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A home for the holidays: Tips for fostering a dog or cat

Are you an animal lover with oodles of patience and lots of attention and care to give? Consider fostering.

You might be wondering, “Why should I foster a pet for a short time when I could just keep him forever?” The logic behind fostering is that shelters are often filled to the brim with stray or rescued pets and cannot always give the proper attention every animal deserves. By acting as a foster parent, you provide necessary care and training and give a pet a home instead of a small space in a shelter.

We recently spoke with Pam Nichols, DVM, AAHA board member and owner of AAHA-accredited Animal Care Center in West Bountiful, Utah, who gave us some tips on fostering dos and don’ts.

DO work with a rescue that will assist with finances. While many organizations will provide for basic needs—think food, medication, and other supplies—it is important to understand how additional expenses will be covered.

“Most abandoned and neglected dogs have a few problems that may have led up to relinquishment,” Nichols said. “Be prepared for the expense or at least have a plan.”

DO reward desirable behavior. Part of your duty as a foster parent is training and socializing. Help your foster pet learn good behavior by using positive reinforcement, such as praise, treats, or attention.

DO be active in finding and educating the adopter. As an advocate for your foster pet, you also play a role in ensuring his forever home is a good fit. Make sure potential adopters understand what to expect regarding your pet’s physical and emotional needs as well as the financial implications of pet ownership.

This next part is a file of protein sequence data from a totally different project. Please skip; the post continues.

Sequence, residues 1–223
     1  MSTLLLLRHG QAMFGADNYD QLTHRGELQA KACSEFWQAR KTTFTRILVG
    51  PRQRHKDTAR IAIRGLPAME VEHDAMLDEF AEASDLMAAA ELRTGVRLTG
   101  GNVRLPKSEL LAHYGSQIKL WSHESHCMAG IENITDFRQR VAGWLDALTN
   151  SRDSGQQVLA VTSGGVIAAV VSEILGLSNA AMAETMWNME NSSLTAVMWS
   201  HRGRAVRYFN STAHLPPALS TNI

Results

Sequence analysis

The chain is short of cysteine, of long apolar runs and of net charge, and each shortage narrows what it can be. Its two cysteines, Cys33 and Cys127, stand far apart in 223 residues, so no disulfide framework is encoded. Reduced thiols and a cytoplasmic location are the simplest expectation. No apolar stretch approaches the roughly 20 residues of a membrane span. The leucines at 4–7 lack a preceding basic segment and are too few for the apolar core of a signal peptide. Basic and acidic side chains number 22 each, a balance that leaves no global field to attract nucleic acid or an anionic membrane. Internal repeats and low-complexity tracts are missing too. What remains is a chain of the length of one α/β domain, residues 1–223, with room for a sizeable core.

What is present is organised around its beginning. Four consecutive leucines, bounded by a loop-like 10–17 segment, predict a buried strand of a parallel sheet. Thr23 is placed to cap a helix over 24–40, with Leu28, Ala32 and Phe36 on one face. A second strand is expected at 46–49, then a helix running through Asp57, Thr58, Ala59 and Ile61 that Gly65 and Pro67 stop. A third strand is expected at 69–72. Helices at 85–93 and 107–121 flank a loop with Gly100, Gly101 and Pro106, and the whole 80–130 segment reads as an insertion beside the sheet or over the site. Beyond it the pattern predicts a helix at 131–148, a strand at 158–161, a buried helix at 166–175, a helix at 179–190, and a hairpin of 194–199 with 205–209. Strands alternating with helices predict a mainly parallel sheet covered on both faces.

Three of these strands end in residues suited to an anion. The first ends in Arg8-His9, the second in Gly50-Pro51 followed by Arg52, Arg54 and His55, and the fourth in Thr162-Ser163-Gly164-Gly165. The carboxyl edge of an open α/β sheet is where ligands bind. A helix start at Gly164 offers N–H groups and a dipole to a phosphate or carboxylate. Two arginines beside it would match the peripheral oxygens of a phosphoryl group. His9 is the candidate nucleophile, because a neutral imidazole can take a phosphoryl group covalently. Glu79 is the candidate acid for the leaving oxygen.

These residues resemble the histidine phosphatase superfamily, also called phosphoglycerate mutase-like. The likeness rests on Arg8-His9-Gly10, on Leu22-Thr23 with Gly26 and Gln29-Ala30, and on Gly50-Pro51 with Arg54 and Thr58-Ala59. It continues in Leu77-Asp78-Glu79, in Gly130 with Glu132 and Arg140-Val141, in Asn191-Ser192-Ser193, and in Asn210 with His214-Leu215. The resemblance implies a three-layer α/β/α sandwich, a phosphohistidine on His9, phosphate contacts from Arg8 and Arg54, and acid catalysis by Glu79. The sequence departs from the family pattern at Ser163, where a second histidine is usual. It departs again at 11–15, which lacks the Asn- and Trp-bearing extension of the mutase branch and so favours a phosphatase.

DO specialize in a particular species, breed, or age. Knowing what to expect is not just helpful for potential adopters—it also makes the job easier for you as the foster parent. Plus, you’re more likely to work with adopters who know what they want or have a specific type of pet in mind.

DO reach out for help. Use resources like trainers and your veterinarian for advice and assistance.

“Establish a relationship with a veterinary behaviorist in your area as the number one reason for relinquishment is bad behavior,” Nichols said.

DON’T adopt. It sounds counterintuitive, but if you have the means to foster a pet and you adopt him instead, that’s potentially one less foster home for a pet in need and one more space taken up in a shelter.

DON’T foster if you don’t have free time and patience. Many pets are relinquished because of behavior issues, so it’s up to you to spend as much time as you can training and socializing your foster pet. Be patient and persistent with compassion.  

DON’T act on a whim. You have a big heart and you are ready to foster today! Fostering isn’t a decision that should be made in haste, however. It’s imperative that everyone in your household is just as eager as you are to provide a temporary home. Communicate with the people you live with and make sure everyone is completely on board.

DON’T take on more than you can handle emotionally or financially. Though very rewarding, fostering is a huge undertaking. At times, it can be difficult or draining. Make sure you are prepared and have the resources you need to keep yourself healthy.

“Compassion fatigue is prevalent, even with folks who do rescue and foster,” Nichols said. 

Bekka Burton is an animal lover and freelance writer living with a tortoiseshell cat who loves to hide in cardboard boxes.

iStock.com/Serg Myshkovsky

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